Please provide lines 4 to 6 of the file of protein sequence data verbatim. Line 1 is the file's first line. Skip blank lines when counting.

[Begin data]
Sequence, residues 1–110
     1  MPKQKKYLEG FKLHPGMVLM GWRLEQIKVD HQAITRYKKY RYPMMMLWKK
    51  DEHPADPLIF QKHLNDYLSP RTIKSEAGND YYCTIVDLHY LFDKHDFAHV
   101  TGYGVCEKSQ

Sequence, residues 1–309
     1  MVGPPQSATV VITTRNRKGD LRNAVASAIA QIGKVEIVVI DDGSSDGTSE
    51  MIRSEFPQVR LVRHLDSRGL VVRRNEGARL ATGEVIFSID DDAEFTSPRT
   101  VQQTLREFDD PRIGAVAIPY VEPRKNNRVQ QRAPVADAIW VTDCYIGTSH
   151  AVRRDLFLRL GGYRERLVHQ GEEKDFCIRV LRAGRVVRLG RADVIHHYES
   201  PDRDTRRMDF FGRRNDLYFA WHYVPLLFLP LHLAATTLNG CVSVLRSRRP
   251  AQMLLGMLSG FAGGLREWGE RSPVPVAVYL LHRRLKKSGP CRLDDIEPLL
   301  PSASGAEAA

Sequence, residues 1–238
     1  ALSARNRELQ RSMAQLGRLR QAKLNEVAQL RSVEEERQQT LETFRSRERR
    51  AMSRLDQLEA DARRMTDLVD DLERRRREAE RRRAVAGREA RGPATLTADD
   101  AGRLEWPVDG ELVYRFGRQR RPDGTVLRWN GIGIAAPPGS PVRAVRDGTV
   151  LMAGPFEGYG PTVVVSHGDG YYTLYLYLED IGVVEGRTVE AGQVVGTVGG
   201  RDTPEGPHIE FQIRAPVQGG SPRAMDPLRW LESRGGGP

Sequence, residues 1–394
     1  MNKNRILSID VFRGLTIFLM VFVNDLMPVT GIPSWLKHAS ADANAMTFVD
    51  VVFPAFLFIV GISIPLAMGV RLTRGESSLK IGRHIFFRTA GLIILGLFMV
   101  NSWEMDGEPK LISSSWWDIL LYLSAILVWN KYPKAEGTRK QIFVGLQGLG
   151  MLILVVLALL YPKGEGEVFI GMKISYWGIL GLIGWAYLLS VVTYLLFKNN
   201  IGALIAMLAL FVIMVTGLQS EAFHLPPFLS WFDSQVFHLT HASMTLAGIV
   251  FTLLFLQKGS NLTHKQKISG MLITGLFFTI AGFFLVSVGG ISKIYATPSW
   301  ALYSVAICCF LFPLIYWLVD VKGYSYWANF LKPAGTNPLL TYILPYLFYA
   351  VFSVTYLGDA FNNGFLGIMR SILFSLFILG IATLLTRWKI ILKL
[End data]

   101  TGYGVCEKSQ

Sequence, residues 1–309
     1  MVGPPQSATV VITTRNRKGD LRNAVASAIA QIGKVEIVVI DDGSSDGTSE